Another option for the serious filmmaker is the Canon EOS 5D Mark II, and other cameras of its ilk coming out shortly. They're pretty serious business from everything I've seen. Their footage looks amazing even straight from the capture, and the depth of field is gorgeous. The fact that you're shooting on DSLR lenses (the camera IS a DSLR, so it sorta makes sense) makes each image quite gorgeous. I haven't heard much bad, and they're pretty cheap. I WOULD recommend trying to get some sort of external monitor, but having never used this setup I wouldn't know how difficult that is. It doesn't record audio, though, so that's one obstacle. This'll run you around 4 grand.

* * * * *

As far as the editing goes, to really be taken seriously you should have not only a decent multi-track editor, but you should have a functional way to color correct your footage. Any additional effects from there are normally unnecessary except for extreme cases. It goes without saying that I won't exactly be pimping Windows Moviemaker here. It's nice for the basic stuff, but if you're looking for even a direct to DVD type of distribution, it's just not up to snuff.

A lot of people absolutely freak out over how good Final Cut Pro is, and I'm not entirely inclined to DISAGREE per se...but for the money you spend, I don't really see anything too absurdly worthwhile. You can do all of the things that the other serious NLEs can, but I haven't seen anything else that REALLY strikes me as spectacular. It prefers to run off of .mov files, and that's fine, but just about nothing SHOOTS natively to .mov in my experience, so you'll be re-compressing much of your footage as soon as you bring it in, which irks me. If you run a mac, it's viable, but I can't say anything beyond that.

Sony Vegas is a decent decision. It's a solid little stand-alone editor that can get lots of things done, though you really have to take the time to learn this editor SPECIFICALLY if you decide to pursue it, because it functions so differently from every other one. On the plus side, you can do passable color corrections inside the program, and quite phenomenal sound mixes, so it's at least good for that. Unfortunately, Sony doesn't play well with others, so you'd have to re-encode most formats into something that Vegas likes better. Only around $800, which is about half the price of Final Cut, so it's not too bad. Macs need not apply.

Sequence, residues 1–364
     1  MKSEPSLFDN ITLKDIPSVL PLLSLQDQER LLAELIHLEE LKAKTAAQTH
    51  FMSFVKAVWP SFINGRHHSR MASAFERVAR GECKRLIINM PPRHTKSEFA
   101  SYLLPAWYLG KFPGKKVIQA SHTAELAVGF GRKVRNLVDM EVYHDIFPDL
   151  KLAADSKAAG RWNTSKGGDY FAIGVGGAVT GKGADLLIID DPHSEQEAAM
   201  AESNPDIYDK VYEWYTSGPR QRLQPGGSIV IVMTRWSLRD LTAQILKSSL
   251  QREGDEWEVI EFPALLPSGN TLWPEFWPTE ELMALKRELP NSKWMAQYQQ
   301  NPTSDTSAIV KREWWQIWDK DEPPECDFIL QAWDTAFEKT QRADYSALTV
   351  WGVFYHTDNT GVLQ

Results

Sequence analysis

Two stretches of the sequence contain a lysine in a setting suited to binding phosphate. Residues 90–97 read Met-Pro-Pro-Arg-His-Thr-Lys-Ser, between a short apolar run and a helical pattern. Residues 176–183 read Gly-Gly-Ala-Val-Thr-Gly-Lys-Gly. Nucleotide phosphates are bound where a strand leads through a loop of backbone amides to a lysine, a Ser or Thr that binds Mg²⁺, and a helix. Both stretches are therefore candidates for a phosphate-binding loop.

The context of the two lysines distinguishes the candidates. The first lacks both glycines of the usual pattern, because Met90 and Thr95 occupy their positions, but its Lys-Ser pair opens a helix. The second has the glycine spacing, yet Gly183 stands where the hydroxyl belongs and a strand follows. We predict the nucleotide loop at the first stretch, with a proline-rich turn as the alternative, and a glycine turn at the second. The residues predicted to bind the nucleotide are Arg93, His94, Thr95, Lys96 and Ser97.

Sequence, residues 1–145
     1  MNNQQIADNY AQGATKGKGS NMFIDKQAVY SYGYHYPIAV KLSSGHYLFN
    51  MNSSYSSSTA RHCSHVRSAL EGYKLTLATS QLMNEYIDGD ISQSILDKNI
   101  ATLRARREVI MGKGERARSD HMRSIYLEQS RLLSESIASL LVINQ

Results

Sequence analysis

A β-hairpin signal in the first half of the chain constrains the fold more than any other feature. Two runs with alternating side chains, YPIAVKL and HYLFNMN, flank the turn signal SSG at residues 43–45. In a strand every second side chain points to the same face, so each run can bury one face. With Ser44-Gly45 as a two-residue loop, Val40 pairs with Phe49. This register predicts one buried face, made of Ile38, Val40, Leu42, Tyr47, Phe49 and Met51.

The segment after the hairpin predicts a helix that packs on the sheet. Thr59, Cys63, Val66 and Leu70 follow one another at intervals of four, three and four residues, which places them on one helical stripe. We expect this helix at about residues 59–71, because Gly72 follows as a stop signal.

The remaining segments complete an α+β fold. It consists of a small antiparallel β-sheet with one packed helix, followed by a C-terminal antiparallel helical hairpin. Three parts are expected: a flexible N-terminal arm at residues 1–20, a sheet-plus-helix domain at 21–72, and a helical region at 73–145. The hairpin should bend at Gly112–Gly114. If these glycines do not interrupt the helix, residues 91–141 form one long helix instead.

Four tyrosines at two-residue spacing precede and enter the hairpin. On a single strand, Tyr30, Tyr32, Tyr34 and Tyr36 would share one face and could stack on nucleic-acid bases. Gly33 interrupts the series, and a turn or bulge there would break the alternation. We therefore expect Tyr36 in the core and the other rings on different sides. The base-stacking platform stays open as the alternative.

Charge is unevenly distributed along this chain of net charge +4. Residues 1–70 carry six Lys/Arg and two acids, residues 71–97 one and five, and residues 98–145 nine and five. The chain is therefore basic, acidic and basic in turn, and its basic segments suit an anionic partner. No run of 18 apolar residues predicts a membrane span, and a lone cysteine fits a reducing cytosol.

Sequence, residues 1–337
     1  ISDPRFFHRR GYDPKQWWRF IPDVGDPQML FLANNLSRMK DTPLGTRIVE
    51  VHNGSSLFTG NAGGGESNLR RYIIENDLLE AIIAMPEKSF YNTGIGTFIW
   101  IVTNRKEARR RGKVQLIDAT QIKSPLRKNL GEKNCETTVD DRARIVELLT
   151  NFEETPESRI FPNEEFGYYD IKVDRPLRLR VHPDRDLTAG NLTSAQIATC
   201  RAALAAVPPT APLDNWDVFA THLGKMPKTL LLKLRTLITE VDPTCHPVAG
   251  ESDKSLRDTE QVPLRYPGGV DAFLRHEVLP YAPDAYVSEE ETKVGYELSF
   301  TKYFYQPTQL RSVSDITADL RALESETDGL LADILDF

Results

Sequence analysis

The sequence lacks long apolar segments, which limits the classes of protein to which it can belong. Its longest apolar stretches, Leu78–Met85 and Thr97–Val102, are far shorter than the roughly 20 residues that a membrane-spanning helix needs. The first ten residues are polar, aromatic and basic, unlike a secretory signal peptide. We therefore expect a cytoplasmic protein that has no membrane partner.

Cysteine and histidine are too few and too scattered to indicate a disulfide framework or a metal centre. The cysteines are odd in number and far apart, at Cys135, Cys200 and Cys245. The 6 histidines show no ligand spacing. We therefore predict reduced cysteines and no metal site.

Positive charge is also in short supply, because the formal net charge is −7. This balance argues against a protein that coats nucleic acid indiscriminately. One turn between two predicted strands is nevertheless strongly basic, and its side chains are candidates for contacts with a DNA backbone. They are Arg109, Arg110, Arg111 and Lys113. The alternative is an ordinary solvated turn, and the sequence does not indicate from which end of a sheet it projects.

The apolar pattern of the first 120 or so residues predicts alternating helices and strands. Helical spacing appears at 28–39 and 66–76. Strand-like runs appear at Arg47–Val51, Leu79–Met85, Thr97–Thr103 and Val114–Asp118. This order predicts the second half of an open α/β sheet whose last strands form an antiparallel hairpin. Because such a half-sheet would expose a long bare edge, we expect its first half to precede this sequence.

My top vote actually surprises me considering I used to hate this software with a fiery passion, but all and all I have to recommend Adobe. CS4 was off to a ROCKY start, but they patched themselves to something quite enjoyable, albeit a bit memory intensive. The glory comes in if you're running a decent enough rig to contemplate CS5. I have heard nothing but good things with CS5, and with the ability to run almost any video codec natively, as well as run it more smoothly than just about anything else out there, you're in for a treat. Both softwares include and communicate well with After Effects, which is far and away my favorite prosumer software. After effects will make you capable of color correcting your footage and so much more if used correctly. You can probably nab a decent editing package from Adobe for about a grand.

* * * * *

Finally, a quick word on encoding:


Thank, but seriously, for web uploads, H.264 is quite a quality format, and will give you outstanding picture data in a small space. Other than that, you normally want to keep things as uncompressed as possible throughout the editing process (at least the raw footage, use proxies as necessary), and your editor should be able to transcode the footage to a DVD using the typical MPEG-2 format without much hassle. I like the way Adobe works again in this regard, as you can simply send the footage over to Encore without much fuss. Vegas does pretty well, but I find it a bit more complicated than Adobe.

* * * * *

Perhaps this is a bit more in-depth than people were looking for when they went into the thread, but I hope it might be a bit insightful for anyone looking to bump up their product to the next level.

Anyways, guys, adios!
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Old 05-16-2010, 07:58 PM
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Awesome info, now for something worthwhile to film.
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Old 06-19-2010, 10:18 PM
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I'd suggest if you're looking for a simple, high quality, and on the cheap side camera.. take a look at the Canon Vixia (or Legria if you're in the UK) HV20, HV30, or HV40 line of cameras.

Just some sample videos found on youtube to show you the quality, the HV20 can be found for as low as $350 used... the HV40 for around $600.
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Old 03-03-2011, 06:19 PM
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I think now with windows 7 its called Windows DVD maker.